Hey everyone, I have made a YouTube channel where I will be posting my daily life as well as things I want to talk about and more. Feel free to check them out, and subscribe to stay updated!
Hey everyone, I have made a YouTube channel where I will be posting my daily life as well as things I want to talk about and more. Feel free to check them out, and subscribe to stay updated!
With all the things going on at Mizzou and Yale, it has come to my attention that people have no idea why the situation at hand is such a serious one, and through the emails sent by the professor, it is clear that the majority of these people who are in opposition are okay with this because it does not affect them. This is their privilege, and their lack of even attempting to understand the circumstances shows just how much work we need to put into this. These people are coming into positions of power and authority, and to have these authorities who refuse to understand the situation is a part of the problem.
I feel so lucky and thankful to be able to get to class feeling somewhat safe. At Mizzou, and I’m pretty sure this is happening to some degree at Yale, students are being threatened by racist white people and racist white terrorists and being told not to come to campus if they value their lives. Students are evacuating a campus that they have paid thousands of dollars of tuition to be there because they are seriously fearing their lives. As a result, there are students emailing their professors in hope that their education could still be saved despite this threat. Many professors (not all, because I have definitely seen the opposite happen as well) have been responding to their students saying that they will still conduct class and that they should attempt to work around the “bullying.” This is problematic in two ways, first in that it denotes the history and the seriousness of having the KKK being in the proximity of black students, and second, it denotes the impact of bullying and it does not give it the appropriate attention that it deserves.
Bullying in itself is a very serious issue that often goes addressed. Aside from the few talks had in grade school, we don’t talk about bullying in a concrete context. It is always vague, something that happens to that one girl who you used to know but don’t remember or whatever. It is also trivialized by people who claim that people need to “suck things up” or just “get over things”. Bullying is not something that is addressed in the adult realm, and a lot of people remain uneducated about what the effects are of being bullied or bullying. Bullying affects many people in our society, it extends further than just the limits of grade school. It can happen to people of all ages, and it can trigger and start the development of many mental disorders. Bullying is not something that should be seen as something trivial. It is a major source for suicide in younger people and it also has decreased the amount of students actively involved in school. Being bullied is not something that everyone has the privilege of working past.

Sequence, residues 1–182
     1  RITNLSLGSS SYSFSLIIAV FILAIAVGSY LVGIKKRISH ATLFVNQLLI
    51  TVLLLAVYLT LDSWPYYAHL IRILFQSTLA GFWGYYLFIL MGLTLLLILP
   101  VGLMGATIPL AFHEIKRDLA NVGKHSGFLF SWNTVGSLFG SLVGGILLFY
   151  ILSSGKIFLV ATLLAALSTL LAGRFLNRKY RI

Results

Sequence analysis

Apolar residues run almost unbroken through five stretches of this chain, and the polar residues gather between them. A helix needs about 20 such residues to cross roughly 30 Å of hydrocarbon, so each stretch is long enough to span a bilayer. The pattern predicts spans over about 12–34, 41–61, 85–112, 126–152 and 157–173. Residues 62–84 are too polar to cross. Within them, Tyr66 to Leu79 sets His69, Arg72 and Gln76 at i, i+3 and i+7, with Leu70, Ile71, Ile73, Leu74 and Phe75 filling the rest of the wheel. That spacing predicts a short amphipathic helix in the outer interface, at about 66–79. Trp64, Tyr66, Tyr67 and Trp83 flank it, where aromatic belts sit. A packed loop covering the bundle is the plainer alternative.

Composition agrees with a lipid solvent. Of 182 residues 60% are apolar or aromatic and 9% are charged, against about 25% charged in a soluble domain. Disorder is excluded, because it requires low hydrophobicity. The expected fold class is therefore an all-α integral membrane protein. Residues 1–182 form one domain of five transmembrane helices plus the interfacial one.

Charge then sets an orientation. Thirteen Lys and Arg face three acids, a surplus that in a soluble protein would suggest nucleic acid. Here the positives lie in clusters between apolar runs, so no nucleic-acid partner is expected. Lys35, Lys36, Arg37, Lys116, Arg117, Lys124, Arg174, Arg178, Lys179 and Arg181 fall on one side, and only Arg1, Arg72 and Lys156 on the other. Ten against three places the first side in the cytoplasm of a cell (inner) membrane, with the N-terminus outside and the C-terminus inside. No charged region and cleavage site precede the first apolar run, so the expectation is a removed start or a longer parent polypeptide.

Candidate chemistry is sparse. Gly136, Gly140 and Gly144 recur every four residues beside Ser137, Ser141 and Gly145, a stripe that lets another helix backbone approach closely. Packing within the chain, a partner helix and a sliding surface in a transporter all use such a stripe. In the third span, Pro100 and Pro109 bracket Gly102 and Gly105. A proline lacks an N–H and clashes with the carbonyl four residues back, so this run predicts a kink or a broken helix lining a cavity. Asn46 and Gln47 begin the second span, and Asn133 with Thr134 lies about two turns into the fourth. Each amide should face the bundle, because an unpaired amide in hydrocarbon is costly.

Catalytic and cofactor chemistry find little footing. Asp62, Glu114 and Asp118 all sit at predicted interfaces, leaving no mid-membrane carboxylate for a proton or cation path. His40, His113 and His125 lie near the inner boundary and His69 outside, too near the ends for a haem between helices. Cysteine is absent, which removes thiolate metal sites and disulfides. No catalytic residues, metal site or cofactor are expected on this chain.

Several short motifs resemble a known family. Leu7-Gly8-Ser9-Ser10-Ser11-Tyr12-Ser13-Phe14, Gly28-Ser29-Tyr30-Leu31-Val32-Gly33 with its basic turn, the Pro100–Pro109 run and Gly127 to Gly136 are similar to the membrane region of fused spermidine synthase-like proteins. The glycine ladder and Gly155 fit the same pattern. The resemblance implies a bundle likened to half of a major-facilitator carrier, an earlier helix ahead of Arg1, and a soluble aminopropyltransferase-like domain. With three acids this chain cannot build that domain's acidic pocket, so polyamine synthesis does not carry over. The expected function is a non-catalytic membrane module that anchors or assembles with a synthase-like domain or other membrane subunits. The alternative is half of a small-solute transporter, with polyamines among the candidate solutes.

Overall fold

The KKK is a white domestic terrorist organization that was founded to uplift white supremacy. That is literally what they have aimed to achieve. That means that their mission is to benefit by hurting people of color and other social minorities. People have supported this hatred by attempting to claim that people are against the uplifting of whiteness in general and how offensive it is that white people cannot celebrate their culture. Besides the question of exactly what the culture is that that they are celebrating, people continue to ignore that white people are constantly celebrated. This is a eurocentric society and everything we do is based on the sphere of whiteness. Our education system was built on white people, our jobs, our places of living. LIterally everything we see in America is centered around having whiteness being valued over uplifting those who fit into the sphere of whiteness while pushing down anyone who can’t fit into the sphere.
The KKK was founded in 1866, the year after the Civil War ended. It now extends through most states, if not all at this point, and have inspired the creation of other skinhead groups. The KKK fears white genocide, and works at the active oppression of minorities and especially black people. The KKK has had a history of reorganizing and strengthening in times of social activism that promotes the uplifting of racial minorities. They have gone as far as bombing people’s homes, churches, jobs, and social places. In the past, they were known for hanging black people, and carrying a burning cross around areas where black and minority people stayed in hopes of scaring them and making them fear for their life. The KKK didn’t want for equality for minorities in the political and economic areas. They actively worked to make sure that these people could not be heard, thus making sure that they disrupted the already biased process of legislation so that people of color could not participate.